Lehman Brothers Case Analysis Case Study

Lehman Brothers Case Analysis
A case analysis of the laws broken by the Lehman Brothers company.
# 152531 | 4,271 words | 3 sources | APA | 2013 | US
Published on Mar 12, 2013 in Business (Finance, Investment and Banking) , Law (General) , Accounting (Fraud)


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Description:

The paper discusses the sudden bankruptcy of Lehman Brothers and looks at how CEO Fuld broke the three major laws of the Securities Exchange Act of 1934, the Sarbanes-Oxley Act of 2002 and negligence. The paper explores in detail the legal aspects of this bankruptcy and also examines Lehman's ethical decision-making model. The paper points out that as Lehman's bankruptcy was one of the causes for the worldwide economic meltdown, there is a high interest from the public to prosecute responsible individuals, especially Richard Fuld. The paper also includes recommendations for minimizing the probability of another bankruptcy.

Outline:
Introduction
Part 1: Legal
Part 2: Ethical
Conclusion
Recommendation

From the Paper:

"On September 15, 2008, Lehman Brothers (Lehman) filed for bankruptcy and this action began a series of events. Government officials around the world took steps to calm the financial market since it was in an upheaval. Both Wall Street and government officials were uncertain about the causes of Lehman's demise as the confidence in the market eroded and credit markets froze. Just a short three months prior, in June 2008, Lehman's financial situation was healthy.
"Perhaps the key to understanding Lehman's demise rests with Mr. Richard Fuld, Chief Executive Officer (CEO) of Lehman Brothers. On October 5, 2008, during a Congressional panel hearing, Fuld stated that he was responsible for the bankruptcy of Lehman. Though Lehman's bankruptcy is one of the largest ever, did Lehman and its executive officers break any law? Were they just victims of the credit crunch? What was Lehman's financial business model? How can a financially stable company be bankrupted in just three short months? As Fuld said, "I am the one who ultimately signs off and I'm comfortable with our valuations at the end of our second quarter," then he said on the conference call, "We have always had a rigorous internal process" (Field, 2010)."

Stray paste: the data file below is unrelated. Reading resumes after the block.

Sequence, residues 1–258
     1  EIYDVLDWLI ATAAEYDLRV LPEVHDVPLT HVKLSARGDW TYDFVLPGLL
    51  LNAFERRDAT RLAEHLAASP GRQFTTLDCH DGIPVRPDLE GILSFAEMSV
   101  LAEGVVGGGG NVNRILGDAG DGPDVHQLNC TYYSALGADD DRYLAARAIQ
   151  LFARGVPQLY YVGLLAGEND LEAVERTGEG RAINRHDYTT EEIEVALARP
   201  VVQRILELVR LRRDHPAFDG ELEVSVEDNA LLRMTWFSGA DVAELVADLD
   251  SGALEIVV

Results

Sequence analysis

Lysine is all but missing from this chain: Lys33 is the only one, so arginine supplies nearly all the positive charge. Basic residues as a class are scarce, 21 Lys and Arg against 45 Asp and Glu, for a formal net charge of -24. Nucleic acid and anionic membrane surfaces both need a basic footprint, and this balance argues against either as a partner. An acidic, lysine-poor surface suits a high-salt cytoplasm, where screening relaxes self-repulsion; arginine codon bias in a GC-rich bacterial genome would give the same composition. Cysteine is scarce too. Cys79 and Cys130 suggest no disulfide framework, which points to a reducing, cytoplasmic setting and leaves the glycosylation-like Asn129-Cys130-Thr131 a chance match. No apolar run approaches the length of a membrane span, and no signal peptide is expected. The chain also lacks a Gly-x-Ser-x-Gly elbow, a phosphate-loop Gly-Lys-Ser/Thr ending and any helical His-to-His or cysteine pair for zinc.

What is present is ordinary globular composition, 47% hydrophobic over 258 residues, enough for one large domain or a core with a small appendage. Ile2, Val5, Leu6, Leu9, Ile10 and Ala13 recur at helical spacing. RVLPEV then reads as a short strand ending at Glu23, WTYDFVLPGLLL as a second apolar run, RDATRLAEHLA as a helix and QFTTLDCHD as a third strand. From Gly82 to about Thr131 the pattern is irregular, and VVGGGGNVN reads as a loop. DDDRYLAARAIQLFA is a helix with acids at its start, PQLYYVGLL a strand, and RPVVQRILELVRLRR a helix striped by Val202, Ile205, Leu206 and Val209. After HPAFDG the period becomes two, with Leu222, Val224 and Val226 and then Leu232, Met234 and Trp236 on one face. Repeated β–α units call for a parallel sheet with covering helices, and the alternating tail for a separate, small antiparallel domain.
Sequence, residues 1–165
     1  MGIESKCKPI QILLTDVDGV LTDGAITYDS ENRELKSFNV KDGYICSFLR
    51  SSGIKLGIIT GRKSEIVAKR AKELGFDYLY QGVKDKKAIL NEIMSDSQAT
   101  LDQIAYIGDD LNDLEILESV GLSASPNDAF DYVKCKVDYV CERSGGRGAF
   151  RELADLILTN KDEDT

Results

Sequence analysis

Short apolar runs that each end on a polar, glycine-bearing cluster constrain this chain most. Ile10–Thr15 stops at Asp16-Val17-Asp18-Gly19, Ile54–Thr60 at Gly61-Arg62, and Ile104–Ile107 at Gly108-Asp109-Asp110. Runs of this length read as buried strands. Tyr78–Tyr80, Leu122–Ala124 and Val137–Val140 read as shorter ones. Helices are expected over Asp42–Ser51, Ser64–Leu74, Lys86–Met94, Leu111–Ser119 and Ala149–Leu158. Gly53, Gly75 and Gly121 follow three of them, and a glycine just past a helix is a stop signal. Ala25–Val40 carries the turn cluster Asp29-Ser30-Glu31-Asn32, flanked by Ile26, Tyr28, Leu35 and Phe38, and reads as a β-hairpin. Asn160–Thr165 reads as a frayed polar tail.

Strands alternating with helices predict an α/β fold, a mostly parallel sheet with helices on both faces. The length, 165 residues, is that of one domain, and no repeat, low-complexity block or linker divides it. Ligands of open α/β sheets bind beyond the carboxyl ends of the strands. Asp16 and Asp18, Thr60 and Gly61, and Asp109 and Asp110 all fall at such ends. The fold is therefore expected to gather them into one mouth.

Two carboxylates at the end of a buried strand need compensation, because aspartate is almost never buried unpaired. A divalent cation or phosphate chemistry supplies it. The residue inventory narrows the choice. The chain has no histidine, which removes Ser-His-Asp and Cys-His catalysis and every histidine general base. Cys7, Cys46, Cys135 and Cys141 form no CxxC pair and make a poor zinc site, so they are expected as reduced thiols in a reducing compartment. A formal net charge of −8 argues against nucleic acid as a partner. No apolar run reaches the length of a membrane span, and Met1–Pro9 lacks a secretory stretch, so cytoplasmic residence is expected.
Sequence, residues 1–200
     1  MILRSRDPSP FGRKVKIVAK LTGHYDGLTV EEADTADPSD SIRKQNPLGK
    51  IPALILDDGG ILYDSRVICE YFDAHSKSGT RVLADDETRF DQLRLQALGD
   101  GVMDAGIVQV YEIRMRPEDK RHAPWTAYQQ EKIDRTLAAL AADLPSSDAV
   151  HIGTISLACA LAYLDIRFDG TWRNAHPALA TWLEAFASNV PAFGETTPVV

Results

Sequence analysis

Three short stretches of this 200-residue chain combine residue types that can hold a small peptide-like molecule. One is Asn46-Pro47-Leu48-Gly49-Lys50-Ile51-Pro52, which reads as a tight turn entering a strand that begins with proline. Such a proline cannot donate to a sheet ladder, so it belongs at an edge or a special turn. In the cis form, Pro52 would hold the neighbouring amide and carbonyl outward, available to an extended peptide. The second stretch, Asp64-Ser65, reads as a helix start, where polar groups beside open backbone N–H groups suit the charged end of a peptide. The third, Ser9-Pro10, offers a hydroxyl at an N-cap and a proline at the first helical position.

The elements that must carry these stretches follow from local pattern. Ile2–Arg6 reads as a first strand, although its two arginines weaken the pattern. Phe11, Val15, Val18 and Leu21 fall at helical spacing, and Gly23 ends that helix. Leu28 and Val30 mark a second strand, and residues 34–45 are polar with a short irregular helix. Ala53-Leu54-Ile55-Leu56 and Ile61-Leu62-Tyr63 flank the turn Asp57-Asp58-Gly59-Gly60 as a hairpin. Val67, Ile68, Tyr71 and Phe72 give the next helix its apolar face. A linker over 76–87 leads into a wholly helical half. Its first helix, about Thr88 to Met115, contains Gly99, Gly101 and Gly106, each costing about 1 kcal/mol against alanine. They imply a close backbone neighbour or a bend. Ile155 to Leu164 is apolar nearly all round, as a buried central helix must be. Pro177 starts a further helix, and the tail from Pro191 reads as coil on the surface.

Sample of Sources Used:

  • Field, Abigail (2010, March 12). "The Lehman Bankruptcy Report is a Road Map for Criminal Charges." Retrieved from http://www.dailyfinance.com/story/investing/the-lehman-bankruptcy-report-is-a-road-map-for-criminal-charges/19396531/.
  • Gallu, Joshua & Scheer, David (2010, March 12). "Fuld 'Negligent' as Lehman Hid Leverage, Report Says." Retrieved from http://www.bloomberg.com/apps/news?pid=20601087&sid=aGeWL3bkusWQ
  • "Section 906: Corporate Responsibility for Financial Reports." In Securities Lawyer's Deskbook. Retrieved from http://www.law.uc.edu/CCL/SOact/sec906.html.

Cite this Case Study:

APA Format

Lehman Brothers Case Analysis (2013, March 12) Retrieved November 29, 2020, from https://www.academon.com/case-study/lehman-brothers-case-analysis-152531/

MLA Format

"Lehman Brothers Case Analysis" 12 March 2013. Web. 29 November. 2020. <https://www.academon.com/case-study/lehman-brothers-case-analysis-152531/>

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